Within the Netherlands’ De Biesbosch National Park, abundant wildlife—from beavers and otters to kingfishers and egrets—thrive among reed beds and willow stands. But the verdant appearance of this large freshwater tidal wetland belies what is really a highly engineered landscape. The defining event shaping it today was a devastating flood in the 15th century. Since then, it has continued to evolve under the forces of rivers, tides, and human efforts to manage the water.
This image shows the national park, which was established in 1994, within the lower Rhine and Meuse delta. Agricultural land and the industrial port city of Dordrecht, which flank the wetlands, are also visible. The image was acquired by the OLI (Operational Land Imager) on Landsat 8, on July 8, 2023.
In November 1421, an extratropical cyclone struck the region, setting off what is known historically as St. Elizabeth’s flood. Swollen rivers and tidal surges led to dike failures. The floodwaters destroyed numerous villages and likely claimed thousands of victims in the area that is now the Biesbosch.
That flood created a large inland sea, where, over time, rivers and tides deposited sediments, and the landscape gradually morphed into one of islands and winding waterways. Reeds and grass-like aquatic plants called rushes established themselves on the sandy banks (Biesbosch roughly translates to “forest of rushes”), and some of the land was reclaimed for agriculture.
In recent centuries, a series of major engineering projects helped transform the Biesbosch into a largely human-dominated landscape. Prominent in the image are the Nieuwe Merwede canal, built in the mid-19th century for flood control, and three reservoirs including De Gijster, constructed in the 1970s to store water for domestic and industrial uses.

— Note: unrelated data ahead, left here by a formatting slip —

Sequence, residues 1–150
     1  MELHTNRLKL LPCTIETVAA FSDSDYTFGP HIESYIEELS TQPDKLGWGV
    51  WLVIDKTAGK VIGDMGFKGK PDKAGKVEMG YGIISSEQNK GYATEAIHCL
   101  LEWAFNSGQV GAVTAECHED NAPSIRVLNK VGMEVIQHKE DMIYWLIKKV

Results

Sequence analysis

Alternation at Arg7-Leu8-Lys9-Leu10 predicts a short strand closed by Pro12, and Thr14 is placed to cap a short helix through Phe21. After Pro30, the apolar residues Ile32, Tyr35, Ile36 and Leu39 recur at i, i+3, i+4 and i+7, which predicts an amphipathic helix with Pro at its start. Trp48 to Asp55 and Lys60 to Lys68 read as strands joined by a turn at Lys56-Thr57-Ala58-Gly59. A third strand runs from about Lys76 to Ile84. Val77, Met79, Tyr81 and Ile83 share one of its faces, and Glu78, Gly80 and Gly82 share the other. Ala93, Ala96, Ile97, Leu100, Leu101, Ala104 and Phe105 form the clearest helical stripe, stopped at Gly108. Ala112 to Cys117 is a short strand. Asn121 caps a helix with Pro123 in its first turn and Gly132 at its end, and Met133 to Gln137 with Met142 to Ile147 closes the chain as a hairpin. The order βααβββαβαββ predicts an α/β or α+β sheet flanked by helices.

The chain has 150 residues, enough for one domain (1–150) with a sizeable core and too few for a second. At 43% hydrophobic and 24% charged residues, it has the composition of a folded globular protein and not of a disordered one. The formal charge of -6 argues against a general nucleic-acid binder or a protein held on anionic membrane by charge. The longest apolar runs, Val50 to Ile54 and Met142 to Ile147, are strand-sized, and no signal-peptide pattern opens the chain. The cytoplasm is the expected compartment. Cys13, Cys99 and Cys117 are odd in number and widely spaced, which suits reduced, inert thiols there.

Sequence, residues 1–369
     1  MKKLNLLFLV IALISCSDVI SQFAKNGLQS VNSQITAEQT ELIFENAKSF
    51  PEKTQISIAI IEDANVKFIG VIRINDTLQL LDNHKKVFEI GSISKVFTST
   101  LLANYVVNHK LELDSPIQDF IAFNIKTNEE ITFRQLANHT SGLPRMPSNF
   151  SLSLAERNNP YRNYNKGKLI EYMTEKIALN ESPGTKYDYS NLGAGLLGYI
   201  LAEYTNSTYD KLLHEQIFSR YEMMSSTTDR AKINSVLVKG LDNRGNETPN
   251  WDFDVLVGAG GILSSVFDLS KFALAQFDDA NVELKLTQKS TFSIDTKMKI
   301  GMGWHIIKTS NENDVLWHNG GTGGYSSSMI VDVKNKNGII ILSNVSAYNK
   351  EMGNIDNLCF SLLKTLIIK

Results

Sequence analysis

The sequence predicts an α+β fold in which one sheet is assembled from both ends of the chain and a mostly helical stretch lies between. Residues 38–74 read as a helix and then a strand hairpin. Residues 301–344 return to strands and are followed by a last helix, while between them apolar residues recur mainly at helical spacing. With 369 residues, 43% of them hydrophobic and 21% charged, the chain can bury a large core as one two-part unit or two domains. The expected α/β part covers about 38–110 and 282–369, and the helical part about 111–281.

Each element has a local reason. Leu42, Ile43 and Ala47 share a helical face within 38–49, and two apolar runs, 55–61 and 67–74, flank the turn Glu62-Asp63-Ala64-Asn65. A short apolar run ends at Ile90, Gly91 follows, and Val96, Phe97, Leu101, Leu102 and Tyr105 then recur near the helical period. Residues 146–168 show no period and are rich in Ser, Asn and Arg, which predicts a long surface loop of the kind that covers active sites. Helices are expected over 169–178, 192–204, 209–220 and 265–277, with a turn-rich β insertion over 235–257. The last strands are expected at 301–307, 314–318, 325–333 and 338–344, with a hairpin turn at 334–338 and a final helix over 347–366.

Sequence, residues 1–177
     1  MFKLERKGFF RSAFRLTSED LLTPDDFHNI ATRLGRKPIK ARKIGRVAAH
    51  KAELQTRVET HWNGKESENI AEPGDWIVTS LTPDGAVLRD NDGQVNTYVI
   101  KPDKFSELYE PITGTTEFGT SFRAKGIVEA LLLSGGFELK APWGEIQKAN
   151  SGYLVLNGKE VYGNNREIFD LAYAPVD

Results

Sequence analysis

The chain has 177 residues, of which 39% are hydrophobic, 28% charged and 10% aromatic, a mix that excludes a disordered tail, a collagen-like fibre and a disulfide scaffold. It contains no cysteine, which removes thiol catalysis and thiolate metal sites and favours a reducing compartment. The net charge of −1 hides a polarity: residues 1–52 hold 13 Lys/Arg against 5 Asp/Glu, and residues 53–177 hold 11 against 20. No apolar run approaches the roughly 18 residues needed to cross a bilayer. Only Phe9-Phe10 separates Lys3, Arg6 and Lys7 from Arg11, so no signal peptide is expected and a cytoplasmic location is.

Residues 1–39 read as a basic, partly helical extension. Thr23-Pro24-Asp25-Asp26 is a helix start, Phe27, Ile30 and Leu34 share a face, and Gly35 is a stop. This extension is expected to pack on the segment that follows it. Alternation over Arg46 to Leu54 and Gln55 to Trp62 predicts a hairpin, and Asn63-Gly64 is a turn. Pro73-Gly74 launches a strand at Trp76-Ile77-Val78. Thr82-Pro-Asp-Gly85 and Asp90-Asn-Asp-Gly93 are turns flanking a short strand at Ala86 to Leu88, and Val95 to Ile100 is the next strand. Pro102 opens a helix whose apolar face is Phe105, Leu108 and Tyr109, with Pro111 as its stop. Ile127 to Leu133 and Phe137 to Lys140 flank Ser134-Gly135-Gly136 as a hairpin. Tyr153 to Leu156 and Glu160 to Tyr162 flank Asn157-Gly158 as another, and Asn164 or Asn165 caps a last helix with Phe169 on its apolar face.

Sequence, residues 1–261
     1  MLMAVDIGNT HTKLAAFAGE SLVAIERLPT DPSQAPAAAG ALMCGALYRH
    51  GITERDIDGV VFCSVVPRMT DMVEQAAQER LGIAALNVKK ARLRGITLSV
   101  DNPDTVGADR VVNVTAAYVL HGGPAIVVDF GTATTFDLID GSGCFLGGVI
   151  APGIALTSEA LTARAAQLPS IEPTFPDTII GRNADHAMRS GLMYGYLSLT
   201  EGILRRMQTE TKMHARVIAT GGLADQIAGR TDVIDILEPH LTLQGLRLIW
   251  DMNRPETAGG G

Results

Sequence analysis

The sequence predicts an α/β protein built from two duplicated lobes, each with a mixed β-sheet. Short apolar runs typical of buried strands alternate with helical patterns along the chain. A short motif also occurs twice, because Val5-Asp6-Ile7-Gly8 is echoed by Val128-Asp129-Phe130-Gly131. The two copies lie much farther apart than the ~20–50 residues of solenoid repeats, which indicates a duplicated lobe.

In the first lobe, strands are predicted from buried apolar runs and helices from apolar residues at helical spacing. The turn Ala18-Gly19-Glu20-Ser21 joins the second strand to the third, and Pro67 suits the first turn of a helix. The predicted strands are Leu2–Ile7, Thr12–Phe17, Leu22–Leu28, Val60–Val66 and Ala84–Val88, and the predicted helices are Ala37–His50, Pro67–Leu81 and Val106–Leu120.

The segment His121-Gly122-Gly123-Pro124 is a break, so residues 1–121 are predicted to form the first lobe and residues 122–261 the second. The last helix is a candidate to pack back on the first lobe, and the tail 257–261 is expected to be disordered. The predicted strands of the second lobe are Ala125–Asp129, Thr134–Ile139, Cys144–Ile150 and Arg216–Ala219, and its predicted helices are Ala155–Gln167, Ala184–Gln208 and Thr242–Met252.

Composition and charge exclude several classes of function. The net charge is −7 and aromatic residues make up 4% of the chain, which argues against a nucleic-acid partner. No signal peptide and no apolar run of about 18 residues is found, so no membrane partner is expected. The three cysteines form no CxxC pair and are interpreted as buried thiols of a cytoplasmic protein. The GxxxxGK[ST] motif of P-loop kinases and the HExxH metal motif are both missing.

But instances of flooding persisted into the 20th century, including a deadly and damaging flood in 1953. Following that event, the Dutch Ministry of Infrastructure and Water Management embarked upon a massive flood control project called the Delta Works. The initiative included building new sluices to close off the Haringvliet estuary, a North Sea inlet downstream of the Biesbosch. When this happened in 1970, tidal ranges in the Biesbosch dropped from approximately 1.9 meters (6 feet) to around 0.4 meters (1.3 feet).
Today, visitors to the national park explore the flora and fauna of the protected natural area via hiking trails and waterways. The ecosystem they experience evolves, as well. For example, a rewilding organization is investigating whether the waterways can again support European sea sturgeon (Acipenser sturio). This anadromous fish was once abundant in the Rhine delta but has not been seen in Dutch waters in decades due to overfishing, degraded water quality, and obstructed channels. Dozens of young sturgeon were recently released into the Biesbosch to determine if a larger reintroduction might be successful.
NASA Earth Observatory image by Lauren Dauphin, using Landsat data from the U.S. Geological Survey. Story by Lindsey Doermann.